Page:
Chief Investigative Reporter

Jeremy Finley is the chief investigator for News4 Investigates. His reporting has resulted in criminal convictions, legislative hearings before the U.S. Congress, and the payout of more than a million dollars to scam victims.

NASHVILLE, TN (WSMV) - When Kathy Waters first heard her long-time family friend had found romance online with a soldier she’d never met and was sending him money, she obviously began to worry.

So she got on Facebook and found him, but also found the soldier’s pictures were used in several different profiles with different names.

By the time she showed her friend all the different fake accounts using the soldier’s picture, the damage was already done.

“She sent approximately $35,000 total. It was absolutely devastating. It was her whole life. Her future, that turned in to be a whole lie,” said Waters.

Someone else just as angry: the soldier himself, retired Col. Bryan Denny.

“My images are being used to take advantage and hurt people,” Denny said.

Denny is the latest victim identified by News4 Investigates whose Facebook pictures have been swiped by scammers.

News4 Investigators first exposed the problem when a Monteagle veteran had his online photos were stolen and used to catfish women all over the world. 

Retired soldier caught up in international catfish scam

Denny has now teamed up with Waters to form a new organization called “Advocating Against Online Scammers,” targeting Facebook and calling on the social media giant to take further steps to shut down fake accounts.

Last year, they compiled a report of flaws they found in Facebook’s system of how easily soldiers’ photos were being swiped.

“Quite frankly the change has been very slow,” Denny said.

While many of Denny’s stolen photos have been flagged by Facebook and are unable to be reposted, News4 Investigates found one of his Facebook photos had been swiped and used on Twitter for a fake account.

In that fake Twitter account, the scammer is clearly targeting women, asking, “You look like someone I know.”

In response to our questions, a Facebook representative shared with us a video they specifically made to warn members of the military about romance scams:  FB Military and Veterans Community Page.

Facebook also pointed out this report  Community Standards Enforcement Report, in which they cite having shut down more than two billion fake accounts in just two months at the beginning of 2019.

That Facebook representative did say that they share the soldier’s frustration.

Denny said Facebook is not moving fast enough, as hearts and financial accounts are being emptied.

“I spent 26 years in uniform looking to protect people. I detest bullies and to stand up for people who couldn't defend themselves, and now my images are being used to do the exact opposite,” Denny said.

HOW TO PROTECT YOUR FACEBOOK PICTURES.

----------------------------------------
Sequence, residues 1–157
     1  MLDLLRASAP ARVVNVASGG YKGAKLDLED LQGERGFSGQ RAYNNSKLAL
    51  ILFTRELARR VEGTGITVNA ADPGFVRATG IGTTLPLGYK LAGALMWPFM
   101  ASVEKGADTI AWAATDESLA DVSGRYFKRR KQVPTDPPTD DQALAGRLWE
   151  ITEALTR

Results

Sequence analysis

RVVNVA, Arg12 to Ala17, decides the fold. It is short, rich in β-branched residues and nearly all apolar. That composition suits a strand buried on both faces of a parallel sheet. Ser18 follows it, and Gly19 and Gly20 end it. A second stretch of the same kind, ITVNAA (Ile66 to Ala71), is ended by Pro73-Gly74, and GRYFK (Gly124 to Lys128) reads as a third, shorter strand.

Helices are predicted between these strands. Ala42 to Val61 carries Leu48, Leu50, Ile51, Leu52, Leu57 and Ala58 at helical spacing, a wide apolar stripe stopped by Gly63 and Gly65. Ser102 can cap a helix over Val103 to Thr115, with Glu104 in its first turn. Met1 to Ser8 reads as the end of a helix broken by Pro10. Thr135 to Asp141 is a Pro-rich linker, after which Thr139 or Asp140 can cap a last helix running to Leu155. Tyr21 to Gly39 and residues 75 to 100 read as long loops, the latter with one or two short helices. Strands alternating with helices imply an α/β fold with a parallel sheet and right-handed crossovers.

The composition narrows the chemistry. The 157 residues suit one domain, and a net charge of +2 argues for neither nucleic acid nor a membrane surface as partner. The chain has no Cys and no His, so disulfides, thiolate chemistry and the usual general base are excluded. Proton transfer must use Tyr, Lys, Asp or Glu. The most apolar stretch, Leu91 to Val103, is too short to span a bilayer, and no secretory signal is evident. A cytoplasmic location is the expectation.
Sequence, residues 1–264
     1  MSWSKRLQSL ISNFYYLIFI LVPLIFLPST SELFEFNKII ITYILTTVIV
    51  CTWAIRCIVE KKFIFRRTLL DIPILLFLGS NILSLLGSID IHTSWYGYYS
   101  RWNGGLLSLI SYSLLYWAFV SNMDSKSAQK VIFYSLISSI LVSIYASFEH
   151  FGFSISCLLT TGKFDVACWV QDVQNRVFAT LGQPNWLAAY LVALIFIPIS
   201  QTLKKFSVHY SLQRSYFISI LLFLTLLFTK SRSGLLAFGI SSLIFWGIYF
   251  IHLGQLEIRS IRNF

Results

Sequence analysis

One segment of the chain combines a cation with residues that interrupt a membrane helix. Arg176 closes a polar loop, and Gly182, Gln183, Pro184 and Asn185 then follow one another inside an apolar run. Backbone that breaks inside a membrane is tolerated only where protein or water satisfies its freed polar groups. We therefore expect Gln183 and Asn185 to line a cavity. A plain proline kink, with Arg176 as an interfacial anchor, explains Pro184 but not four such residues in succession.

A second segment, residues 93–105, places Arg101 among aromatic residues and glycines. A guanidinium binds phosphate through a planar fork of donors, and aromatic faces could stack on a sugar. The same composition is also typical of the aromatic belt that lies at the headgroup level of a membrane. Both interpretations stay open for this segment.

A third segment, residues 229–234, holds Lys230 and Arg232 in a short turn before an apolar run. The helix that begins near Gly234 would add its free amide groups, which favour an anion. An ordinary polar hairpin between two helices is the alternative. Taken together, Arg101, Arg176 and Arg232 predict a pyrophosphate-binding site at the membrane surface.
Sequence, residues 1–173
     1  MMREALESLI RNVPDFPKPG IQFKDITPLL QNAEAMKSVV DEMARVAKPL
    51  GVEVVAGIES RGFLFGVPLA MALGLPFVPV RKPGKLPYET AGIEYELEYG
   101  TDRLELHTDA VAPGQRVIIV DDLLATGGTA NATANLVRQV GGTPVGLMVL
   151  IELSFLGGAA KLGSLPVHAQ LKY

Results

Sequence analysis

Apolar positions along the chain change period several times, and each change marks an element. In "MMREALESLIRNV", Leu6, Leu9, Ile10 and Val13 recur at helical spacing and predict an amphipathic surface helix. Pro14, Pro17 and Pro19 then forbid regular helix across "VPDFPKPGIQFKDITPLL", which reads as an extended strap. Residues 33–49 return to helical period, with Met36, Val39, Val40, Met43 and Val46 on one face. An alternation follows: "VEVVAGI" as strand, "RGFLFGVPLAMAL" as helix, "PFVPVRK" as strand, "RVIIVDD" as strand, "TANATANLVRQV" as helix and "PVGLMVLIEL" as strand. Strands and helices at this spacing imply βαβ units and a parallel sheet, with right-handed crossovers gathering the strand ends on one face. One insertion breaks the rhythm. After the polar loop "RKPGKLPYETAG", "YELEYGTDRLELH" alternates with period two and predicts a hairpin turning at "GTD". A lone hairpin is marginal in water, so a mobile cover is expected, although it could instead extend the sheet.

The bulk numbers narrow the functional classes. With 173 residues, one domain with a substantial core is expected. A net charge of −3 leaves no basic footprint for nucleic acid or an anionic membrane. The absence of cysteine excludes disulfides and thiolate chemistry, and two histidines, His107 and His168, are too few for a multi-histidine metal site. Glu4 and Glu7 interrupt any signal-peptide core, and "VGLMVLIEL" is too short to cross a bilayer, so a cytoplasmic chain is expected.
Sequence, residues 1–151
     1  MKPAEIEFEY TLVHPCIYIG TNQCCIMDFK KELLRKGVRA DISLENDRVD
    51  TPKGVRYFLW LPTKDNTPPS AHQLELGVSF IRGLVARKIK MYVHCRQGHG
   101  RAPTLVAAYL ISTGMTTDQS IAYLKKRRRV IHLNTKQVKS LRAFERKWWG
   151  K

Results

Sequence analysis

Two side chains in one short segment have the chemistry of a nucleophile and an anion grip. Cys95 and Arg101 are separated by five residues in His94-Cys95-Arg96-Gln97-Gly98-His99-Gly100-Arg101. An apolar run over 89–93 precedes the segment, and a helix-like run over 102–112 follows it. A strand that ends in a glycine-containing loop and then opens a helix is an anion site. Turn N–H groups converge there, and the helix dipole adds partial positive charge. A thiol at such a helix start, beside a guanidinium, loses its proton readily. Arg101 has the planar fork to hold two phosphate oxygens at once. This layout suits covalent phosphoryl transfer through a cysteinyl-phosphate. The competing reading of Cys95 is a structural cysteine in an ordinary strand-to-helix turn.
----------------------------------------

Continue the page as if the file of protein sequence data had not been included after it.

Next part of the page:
Here are the tips from Facebook about how to keep your pictures from being stolen by scammers.

  1. Don’t accept friend requests from people you don’t know.
  2. Being friends with scammers allows them to spam your timeline and view your posts.
  3. Limit you can see your pictures and albums by going to this guidance section on Facebook.
  4. Remember,Your profile picture and cover photo are visible to the public; however, you can adjust the privacy settings for a photo you've used as a profile picture or cover photo in the past.
  5. Facebook encourage people to not accept suspicious requests and to report suspicious messages to them right away: https://www.facebook.com/help/reportlinks
  6. You can report an impostor account on Facebook whether or not you have an account. Facebook created a dedicated help center link to report imposters on Facebook, Instagram, and Messenger at: facebook.com/help/fakeaccount 

HOW TO SPOT A SCAMMER ON FACEBOOK 

  • Here are some things to look out for when trying to spot a scam:
    • People asking you for money who you don’t know in person
    • People asking you to send them money or gift cards to receive a loan, prize or other winnings
    • Anyone asking you to pay a fee in order to apply for a job
    • Pages representing large companies, organizations or public figures that are not verified
    • People asking you to move your conversation off Facebook to a less public or less secure setting, such as a separate email
    • People claiming to be a friend or relative in an emergency
    • People who misrepresent where they are located. If someone signs up for Messenger using their mobile phone number, you may be able to check which country their phone number is from. If you're concerned that a Page may be scamming you, you can check the Page's location
    • Messages or posts with poor spelling and grammatical mistakes

People or accounts directing you to a Page to claim a prize

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Copyright 2019 WSMV (Meredith Corporation). All rights reserved.

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